Beyond the binary systems, the ternary Al–Ce–Ni system has promising as-cast and thermally stable mechanical behavior due to unique phase formation.43,44 Belov et al. first studied the Al–Ce–Ni system due to the limited interaction of the two additional alloying elements.43 Within the Al-rich corner of the Al–Ce–Ni system, Ce and Ni do not exhibit any phase formation outside of the phases present in the binary systems. Refined features were observed within the eutectic regions from alloys within the Al-rich hypoeutectic compositional space of the system. More recently, Wu et al. systematically characterized the phase formation and creep resistance of Al–Ce–Ni alloys including the near eutectic composition Al–10Ce–5Ni wt% and the hypoeutectic composition Al–7.5Ce–3.75Ni wt%.44 A complex eutectic formation of multiple domains, some containing only script-like Al11Ce3 with α-Al FCC, some containing only script-like Al3Ni with α-Al FCC, and some regions containing both Al11Ce3 and Al3Ni co-precipitated in a fibrous morphology with α-Al FCC, was observed.44 Improvements to both the thermal stability and mechanical behavior were reported for samples containing these fine co-precipitated eutectic domains, as compared to the binary systems Al–Ce and Al–Ni. The authors recently studied the exact compositional ratios required to optimize this co-precipitation type eutectic region.45 But to date, no understanding of how common impurities in this system, such as La and Fe, contribute to the microstructures achieved by HPDC in this alloy system.

In this study, HPDC trials of two versions of a hypoeutectic alloy within the Al–Ce–Ni-based system were conducted to establish the role of La and Fe during phase formation. CALculated PHAse Diagram (CALPHAD) is utilized to predict the phase stability and solidification behavior of the two experimental compositions cast. The predictions from CALPHAD are compared to microstructural characterization of the alloys in the as-cast state as well as after long-term heat treatment to assess thermal stability. The results are used to understand the variation in mechanical behavior of each alloy in the two microstructural states.

Experimental Procedure

CALPHAD analysis was conducted using Computherm PANDAT 2023 software and the associated Al database PanAl2022 from Computherm. Equilibrium calculations of phase stability and Scheil simulations were made retrospectively to predict the phase formation behavior of the experimentally cast alloys (see Table 1). The primary distinction between the two versions of the alloy investigated is the Fe content: version 1 (V1) with low Fe at 0.1 wt%, and version 2 (V2) with higher Fe at 0.5 wt%Table 1 Measured Bulk Composition of Alloy V1 and Alloy V2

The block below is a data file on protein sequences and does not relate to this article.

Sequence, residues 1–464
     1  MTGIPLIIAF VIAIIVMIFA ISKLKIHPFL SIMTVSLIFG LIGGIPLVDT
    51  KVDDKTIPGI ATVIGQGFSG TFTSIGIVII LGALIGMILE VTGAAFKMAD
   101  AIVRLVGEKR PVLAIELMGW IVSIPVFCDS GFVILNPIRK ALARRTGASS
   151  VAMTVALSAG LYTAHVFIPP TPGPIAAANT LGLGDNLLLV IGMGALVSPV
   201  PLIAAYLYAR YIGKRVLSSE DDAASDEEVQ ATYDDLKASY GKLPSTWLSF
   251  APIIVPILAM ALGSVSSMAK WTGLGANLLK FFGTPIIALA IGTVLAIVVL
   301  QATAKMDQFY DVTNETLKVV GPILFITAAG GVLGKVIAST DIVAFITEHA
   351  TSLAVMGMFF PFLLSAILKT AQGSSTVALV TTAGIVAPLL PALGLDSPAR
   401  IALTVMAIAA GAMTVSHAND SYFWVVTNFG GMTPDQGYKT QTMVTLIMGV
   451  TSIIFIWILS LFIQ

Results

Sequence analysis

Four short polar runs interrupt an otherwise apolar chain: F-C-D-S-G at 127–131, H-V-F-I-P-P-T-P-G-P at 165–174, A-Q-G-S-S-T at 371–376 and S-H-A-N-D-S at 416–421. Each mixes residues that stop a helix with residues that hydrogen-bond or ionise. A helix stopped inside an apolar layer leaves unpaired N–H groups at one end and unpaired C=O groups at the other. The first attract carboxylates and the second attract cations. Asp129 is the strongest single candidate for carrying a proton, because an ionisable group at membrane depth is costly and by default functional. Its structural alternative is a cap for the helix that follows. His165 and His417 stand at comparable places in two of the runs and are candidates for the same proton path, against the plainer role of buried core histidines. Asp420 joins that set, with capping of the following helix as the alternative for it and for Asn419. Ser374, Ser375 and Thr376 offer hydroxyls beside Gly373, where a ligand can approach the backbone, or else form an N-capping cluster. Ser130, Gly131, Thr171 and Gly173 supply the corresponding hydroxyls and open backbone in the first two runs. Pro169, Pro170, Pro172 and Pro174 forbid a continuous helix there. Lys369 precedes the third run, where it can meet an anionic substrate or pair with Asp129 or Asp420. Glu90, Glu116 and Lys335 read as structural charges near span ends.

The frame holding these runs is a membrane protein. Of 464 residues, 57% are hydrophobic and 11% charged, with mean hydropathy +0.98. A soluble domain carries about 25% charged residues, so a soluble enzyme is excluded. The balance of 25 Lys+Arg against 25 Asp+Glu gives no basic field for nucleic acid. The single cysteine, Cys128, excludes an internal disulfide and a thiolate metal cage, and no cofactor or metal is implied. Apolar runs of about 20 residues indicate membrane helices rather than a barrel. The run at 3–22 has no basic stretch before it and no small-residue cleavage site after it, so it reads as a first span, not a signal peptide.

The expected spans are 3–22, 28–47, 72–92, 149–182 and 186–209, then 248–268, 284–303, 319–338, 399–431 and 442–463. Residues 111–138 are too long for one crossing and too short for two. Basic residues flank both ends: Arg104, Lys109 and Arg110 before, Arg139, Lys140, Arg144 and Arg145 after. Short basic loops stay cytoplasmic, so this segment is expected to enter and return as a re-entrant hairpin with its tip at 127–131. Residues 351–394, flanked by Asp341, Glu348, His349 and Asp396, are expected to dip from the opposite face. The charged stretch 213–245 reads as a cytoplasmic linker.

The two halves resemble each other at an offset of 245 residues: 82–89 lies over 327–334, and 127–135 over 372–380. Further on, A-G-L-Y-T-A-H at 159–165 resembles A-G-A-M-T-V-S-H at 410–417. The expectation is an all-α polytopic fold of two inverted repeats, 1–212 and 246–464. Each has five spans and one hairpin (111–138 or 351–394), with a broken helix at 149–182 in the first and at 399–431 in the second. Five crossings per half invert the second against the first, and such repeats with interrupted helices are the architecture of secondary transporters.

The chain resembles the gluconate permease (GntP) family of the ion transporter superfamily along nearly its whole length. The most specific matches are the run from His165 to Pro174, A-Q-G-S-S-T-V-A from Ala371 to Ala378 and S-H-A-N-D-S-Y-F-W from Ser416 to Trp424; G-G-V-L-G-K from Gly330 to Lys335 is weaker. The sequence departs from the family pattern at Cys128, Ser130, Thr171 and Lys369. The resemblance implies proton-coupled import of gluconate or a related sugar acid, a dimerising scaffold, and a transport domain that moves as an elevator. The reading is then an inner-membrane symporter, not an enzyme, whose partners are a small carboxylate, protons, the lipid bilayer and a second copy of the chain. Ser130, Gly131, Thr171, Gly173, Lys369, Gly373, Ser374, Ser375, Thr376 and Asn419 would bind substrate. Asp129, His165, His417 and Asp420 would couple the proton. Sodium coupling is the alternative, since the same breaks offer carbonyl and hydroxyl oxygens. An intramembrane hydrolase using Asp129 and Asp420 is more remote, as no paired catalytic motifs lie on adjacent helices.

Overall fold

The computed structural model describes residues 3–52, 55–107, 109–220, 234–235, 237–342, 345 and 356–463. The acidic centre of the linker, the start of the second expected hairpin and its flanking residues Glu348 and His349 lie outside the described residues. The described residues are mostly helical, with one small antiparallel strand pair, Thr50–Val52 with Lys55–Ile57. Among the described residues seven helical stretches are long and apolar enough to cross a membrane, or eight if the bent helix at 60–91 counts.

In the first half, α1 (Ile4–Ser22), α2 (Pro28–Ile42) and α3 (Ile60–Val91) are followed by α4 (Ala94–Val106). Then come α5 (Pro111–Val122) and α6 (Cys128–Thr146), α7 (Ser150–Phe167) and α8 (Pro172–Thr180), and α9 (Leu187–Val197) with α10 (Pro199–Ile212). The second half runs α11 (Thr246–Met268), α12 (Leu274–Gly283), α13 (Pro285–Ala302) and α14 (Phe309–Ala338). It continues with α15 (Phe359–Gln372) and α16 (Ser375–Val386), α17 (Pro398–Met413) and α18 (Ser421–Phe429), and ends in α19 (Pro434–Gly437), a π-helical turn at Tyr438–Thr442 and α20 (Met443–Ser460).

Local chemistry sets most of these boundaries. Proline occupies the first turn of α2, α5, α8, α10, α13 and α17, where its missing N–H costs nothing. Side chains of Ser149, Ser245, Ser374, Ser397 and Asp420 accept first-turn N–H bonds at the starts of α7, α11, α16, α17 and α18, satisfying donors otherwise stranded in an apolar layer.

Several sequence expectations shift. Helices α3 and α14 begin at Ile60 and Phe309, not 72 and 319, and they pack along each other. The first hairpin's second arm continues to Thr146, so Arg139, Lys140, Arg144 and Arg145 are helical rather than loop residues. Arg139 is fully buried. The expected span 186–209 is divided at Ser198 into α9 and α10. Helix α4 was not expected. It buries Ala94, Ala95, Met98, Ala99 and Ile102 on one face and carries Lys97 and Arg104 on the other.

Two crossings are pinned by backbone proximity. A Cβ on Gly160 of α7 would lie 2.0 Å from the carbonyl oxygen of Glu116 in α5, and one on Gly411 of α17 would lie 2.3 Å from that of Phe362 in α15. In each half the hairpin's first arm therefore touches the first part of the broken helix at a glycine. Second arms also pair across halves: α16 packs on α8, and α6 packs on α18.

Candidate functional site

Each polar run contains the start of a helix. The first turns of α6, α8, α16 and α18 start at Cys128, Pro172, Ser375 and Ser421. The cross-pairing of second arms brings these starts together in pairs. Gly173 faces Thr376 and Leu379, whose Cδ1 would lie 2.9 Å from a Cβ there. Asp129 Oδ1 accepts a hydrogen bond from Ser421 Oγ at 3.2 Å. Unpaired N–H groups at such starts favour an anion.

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HPDC of the two alloys was cast at Rheinfelden aluminum alloys, using a Buhler 400 machine. Alloys were prepared in a gas-fired tower melting holding furnace using master alloy feedstocks. The melts were held at 720 °C and degassed using Ar for 10 minutes prior to casting. Dosing was done manually. The temperature of the die was maintained at 150 °C and the chamber at 250 °C. Die lubricant was applied between shots using a commercial graphite lubricant with a dilution ratio of 1:100. Die vacuum was maintained at 170 mbar prior to casting. Casting occurred in two phases, the first with a plunger velocity of 0.2 m/s and a second with a plunger velocity of 2.0 m/s. The final pressure achieved during casting was 300 bar, and each cycle was approximately 60–70 seconds long. Twenty 3 mm x 60 mm x 260 mm plates were cast for each alloy. For all cycles across the two alloys cast, good filling was observed with metal reaching the vents beyond the plate cavity and no die sticking upon ejection as seen in Figure 1.

figure 1
Figure 1

To evaluate the thermal stability of the two alloys, several plates of each alloy were heat-treated at 400 °C for 10 hours followed by air cooling to room temperature. The temperature for this solution heat treatment was derived from previous thermal stability studies within the Al–Ce–Ni system.44 All characterization of the solution heat-treated specimen is labeled as HT in following sections.

Detailed measurements of each alloy’s chemical composition were made by arc-spark optical emission spectroscopy (OES) using an AMETEK Sepctro LabS unit. A custom method, able to measure Al alloy compositions up to 10 wt% Ce in the presence of other common Al alloy constituents, was used as described in.45 The average, based on at least five OES measurements per alloy, composition of the two alloys studied is found in Table 1.

Microstructural characterization of the HPDC plates was done on samples excised from the test plates using wire electric discharge machining (EDM). Mechanical polishing procedures were utilized as prescribed in Buehler’s SumMet Guide.46 X-ray diffraction patterns were collected of the major face of the plates using a Rigaku Ultima X-ray diffractometer (XRD) equip with a Cu Kα (λ = 0.1542 nm) radiation source. Scanning electron microscopy (SEM) was performed with an FEI Quanta 3D field emission gun SEM equipped with an Oxford energy-dispersive X-ray spectrometer (EDS). Micrographs were captured using a back scatter detector with grayscale contrast associated with the relative atomic number (Z) of elements interacting with the electron beam. All micrographs are oriented along the transverse direction of the plate with the thickness of the plate varying from the top to bottom of the micrograph. Quantification of porosity and percent primary α-Al FCC were performed on optical micrographs using the machine learning image analysis tool Weka47 to index the regions of the micrographs to primary α-Al FCC, eutectic, and porosity.